from the like-a-series-of-irritating-tubes dept.
pigrabbitbear writes "Since its introduction, the Stop Online Piracy Act (and its Senate twin PROTECT-IP) has been staunchly condemned by countless engineers, technologists and lawyers intimately familiar with the inner functioning of the internet. Completely beside the fact that these bills, as they currently stand, would stifle free speech and potentially cripple legitimate businesses by giving corporations extrajudicial censorial powers, there's an even more insidious threat: the method of DNS filtering proposed to block supposed infringing sites opens up enormous security holes that threaten the stability of the internet itself. The problem: key members of the House Judiciary Committee still don't understand how the internet works, and worse yet, it's not clear whether they even want to."
from the red-light-cameras-too dept.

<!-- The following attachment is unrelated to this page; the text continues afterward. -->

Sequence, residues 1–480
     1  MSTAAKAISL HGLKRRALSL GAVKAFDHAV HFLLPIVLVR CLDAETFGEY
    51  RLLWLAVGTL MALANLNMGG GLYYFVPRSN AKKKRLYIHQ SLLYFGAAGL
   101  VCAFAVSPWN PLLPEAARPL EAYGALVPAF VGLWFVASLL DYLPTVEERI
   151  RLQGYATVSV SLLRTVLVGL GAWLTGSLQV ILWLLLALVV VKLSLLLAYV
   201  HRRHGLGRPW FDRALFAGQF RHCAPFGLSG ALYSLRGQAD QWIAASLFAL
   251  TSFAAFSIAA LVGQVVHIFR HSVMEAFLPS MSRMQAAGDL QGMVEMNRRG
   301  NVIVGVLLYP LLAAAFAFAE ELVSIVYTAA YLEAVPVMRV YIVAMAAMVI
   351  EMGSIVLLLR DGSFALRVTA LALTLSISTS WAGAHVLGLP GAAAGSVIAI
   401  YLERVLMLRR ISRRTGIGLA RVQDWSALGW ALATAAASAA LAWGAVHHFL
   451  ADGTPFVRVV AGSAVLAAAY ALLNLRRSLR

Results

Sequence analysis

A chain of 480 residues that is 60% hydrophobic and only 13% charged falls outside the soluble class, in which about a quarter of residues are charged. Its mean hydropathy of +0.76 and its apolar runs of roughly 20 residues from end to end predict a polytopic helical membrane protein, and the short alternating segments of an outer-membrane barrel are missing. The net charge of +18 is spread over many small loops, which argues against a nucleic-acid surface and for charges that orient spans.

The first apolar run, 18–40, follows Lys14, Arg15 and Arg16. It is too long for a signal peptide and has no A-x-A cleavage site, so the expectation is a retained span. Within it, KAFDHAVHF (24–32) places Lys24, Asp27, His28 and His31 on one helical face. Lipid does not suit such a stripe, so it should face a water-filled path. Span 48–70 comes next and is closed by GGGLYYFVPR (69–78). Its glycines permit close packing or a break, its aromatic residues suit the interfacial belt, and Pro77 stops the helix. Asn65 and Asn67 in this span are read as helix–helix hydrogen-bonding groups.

testadicazzo writes "Micheal Lynton, the guy who said 'I'm a guy who doesn't see anything good having come from the Internet. Period.' has posted an editorial at the Huffington Post titled Guardrails for the Internet, in which he defends his comment, and suggests that just as the interstate system needs guardrails, so too does the information superhighway. The following is pretty indicative of the article: 'Internet users have become used to getting things when they want it and how they want it, and those of us in the entertainment business want to meet that kind of demand as efficiently and effectively as possible. But what has happened online is that if it is 'beyond store hours' and the shop is closed, a lot of people just smash the window and steal what they want. Freedom without restraint is chaos, and if we don't figure out some way to prevent online chaos, the quantity, quality and availability of the kinds of entertainment, literature, art and scholarship we need to have a healthy, vibrant culture will suffer.'"